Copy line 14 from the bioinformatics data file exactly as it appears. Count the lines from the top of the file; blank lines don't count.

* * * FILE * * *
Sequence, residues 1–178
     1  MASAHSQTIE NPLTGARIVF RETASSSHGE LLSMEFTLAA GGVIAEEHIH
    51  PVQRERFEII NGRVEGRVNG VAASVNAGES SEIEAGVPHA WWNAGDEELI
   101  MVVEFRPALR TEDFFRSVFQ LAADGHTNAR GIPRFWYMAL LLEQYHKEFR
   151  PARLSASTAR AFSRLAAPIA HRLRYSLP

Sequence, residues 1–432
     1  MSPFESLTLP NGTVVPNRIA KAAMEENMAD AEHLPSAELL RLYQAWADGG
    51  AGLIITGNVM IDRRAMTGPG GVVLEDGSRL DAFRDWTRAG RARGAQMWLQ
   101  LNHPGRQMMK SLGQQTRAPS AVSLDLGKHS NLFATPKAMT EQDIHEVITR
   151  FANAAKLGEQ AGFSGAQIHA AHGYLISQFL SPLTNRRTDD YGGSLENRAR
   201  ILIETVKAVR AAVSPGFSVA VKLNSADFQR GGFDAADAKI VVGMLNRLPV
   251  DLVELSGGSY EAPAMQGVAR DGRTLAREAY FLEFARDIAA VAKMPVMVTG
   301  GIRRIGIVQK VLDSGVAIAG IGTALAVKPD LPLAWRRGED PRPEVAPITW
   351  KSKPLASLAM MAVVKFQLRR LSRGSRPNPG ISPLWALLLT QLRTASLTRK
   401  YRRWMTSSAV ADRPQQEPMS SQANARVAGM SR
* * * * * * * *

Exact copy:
   351  KSKPLASLAM MAVVKFQLRR LSRGSRPNPG ISPLWALLLT QLRTASLTRK